Many modelers and enthusiasts of European trains know that the Märklin firm started as a manufacturer of lacquered sheet-metal toys in the middle of the 19th century. Toy trains followed, and by 1891, Märklin presented its first systematic approach to model railroading, a windup locomotive with cars, and sectional track. By adding more track, a train setup could be expanded. About 1900, the company had become quite serious about toy trains. On the basis of the products offered by Märklin, gauges and scales 0, I, II and III of that time were adopted on an international basis. Märklin's success grew rapidly, and by 1907, it decided to pursue export markets.
Richard Safft, who joined the firm in 1907, became responsible for the export of Märklin products. As early as 1909, there were no fewer than 17 Märklin dealers in New York who together did 60,000 Reichsmarks (approx. $1.00 = 4.20 RM) of business. This increased to 90,000 RM just one year later. Subsequently, there also were Märklin dealers in many of the major cities in the US.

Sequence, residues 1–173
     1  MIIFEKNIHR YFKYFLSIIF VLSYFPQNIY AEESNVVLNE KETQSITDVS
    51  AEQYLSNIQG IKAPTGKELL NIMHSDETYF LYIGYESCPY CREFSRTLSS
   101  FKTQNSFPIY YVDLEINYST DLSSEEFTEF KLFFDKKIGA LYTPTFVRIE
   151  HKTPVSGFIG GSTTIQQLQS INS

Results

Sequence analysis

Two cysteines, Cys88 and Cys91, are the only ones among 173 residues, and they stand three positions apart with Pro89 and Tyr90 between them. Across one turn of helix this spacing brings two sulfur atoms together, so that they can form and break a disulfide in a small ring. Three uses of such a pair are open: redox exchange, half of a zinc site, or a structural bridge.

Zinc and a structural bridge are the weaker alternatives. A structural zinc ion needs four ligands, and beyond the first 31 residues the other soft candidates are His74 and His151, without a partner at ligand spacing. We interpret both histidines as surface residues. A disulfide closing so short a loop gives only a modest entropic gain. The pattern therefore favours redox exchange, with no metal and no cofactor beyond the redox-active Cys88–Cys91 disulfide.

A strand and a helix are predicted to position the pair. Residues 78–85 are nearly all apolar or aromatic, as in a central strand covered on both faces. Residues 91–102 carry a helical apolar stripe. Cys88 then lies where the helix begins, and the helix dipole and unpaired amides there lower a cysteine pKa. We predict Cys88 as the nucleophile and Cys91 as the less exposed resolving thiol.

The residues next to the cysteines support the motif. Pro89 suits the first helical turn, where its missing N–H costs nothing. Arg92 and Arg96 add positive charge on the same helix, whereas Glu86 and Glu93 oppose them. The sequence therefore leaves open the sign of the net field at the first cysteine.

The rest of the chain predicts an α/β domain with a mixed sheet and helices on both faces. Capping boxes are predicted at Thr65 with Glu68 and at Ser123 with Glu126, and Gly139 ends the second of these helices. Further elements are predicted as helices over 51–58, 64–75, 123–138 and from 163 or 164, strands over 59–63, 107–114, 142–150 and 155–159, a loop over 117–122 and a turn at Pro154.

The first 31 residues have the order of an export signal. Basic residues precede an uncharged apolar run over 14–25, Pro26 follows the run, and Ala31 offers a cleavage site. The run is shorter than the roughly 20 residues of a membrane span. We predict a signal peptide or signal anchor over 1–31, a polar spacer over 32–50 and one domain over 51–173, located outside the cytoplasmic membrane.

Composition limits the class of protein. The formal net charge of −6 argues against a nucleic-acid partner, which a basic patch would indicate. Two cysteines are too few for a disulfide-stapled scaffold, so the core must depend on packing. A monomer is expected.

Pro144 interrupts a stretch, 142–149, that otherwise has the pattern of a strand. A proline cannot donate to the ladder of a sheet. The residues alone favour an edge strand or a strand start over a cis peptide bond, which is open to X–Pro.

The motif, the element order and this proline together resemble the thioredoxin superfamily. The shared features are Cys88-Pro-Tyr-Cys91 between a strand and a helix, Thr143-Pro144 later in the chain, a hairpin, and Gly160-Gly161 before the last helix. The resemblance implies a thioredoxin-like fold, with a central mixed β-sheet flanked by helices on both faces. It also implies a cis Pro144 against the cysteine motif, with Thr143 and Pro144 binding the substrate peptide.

Gebr. Märklin & Cie quickly realized that, in order to appeal to American customers, typical American locomotives with cowcatchers and extra-large headlights, and appropriate four-axle American freight and passenger cars would have to be available. While there was a good selection of boxcars, tank cars and cabooses, one of the cars that stands out is refrigerator car 2935/0, the Heinz 57 Varieties Tomato Ketchup car. It was built from 1912 to 1914. There were also three different four-axle beer cars. These were the Pabst Blue Ribbon car 2959P/0 from 1907 - 1915, the Schlitz car 2959S/0 from 1907 - 1915 and the Budweiser car 2960/0 fro 1913 - 1915.
Schlitz beer car 2959S was built from 1907 to 1915 - Source: Wertanlage Märklin
The start of World War I in 1914 suddenly interrupted Märklin's growth. The company was cut off from export markets. Many employees were drafted into the military, and the firm was ordered to produce war goods. Not until after the hyperinflation of 1923 had subsided could Märklin once again consider trying to cater to the export market.
Between the wars